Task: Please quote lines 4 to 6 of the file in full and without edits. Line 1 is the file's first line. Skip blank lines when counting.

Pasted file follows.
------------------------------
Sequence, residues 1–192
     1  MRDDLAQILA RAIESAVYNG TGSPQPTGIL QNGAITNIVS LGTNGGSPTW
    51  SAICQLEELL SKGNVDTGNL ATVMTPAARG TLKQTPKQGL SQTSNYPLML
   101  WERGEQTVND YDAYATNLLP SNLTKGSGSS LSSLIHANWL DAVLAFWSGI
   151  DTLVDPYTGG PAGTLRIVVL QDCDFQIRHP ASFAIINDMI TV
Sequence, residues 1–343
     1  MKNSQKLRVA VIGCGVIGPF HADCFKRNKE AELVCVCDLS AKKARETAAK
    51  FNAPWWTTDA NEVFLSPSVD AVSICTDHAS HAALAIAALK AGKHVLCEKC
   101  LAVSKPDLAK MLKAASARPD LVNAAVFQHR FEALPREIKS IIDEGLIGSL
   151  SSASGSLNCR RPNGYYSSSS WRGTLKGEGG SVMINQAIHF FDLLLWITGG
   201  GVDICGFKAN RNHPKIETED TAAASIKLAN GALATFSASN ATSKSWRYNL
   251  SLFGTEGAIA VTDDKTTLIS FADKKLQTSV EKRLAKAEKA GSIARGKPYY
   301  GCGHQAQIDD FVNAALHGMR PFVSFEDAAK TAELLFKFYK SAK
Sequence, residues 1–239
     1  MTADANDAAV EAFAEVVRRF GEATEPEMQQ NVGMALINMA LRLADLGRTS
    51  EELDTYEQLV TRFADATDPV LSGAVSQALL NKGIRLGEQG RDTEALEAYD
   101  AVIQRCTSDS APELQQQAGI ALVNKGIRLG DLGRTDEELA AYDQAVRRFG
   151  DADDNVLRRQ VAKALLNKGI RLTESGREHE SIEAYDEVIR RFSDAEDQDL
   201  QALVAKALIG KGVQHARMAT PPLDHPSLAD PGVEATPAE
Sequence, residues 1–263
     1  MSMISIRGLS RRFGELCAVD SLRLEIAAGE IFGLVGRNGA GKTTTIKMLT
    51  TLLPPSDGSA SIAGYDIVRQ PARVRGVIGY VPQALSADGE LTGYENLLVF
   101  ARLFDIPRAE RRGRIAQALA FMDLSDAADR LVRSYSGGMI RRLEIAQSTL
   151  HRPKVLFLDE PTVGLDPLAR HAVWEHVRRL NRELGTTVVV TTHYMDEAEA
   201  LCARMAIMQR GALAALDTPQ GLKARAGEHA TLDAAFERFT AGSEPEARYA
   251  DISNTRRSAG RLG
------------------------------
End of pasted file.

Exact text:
   101  WERGEQTVND YDAYATNLLP SNLTKGSGSS LSSLIHANWL DAVLAFWSGI
   151  DTLVDPYTGG PAGTLRIVVL QDCDFQIRHP ASFAIINDMI TV
Sequence, residues 1–343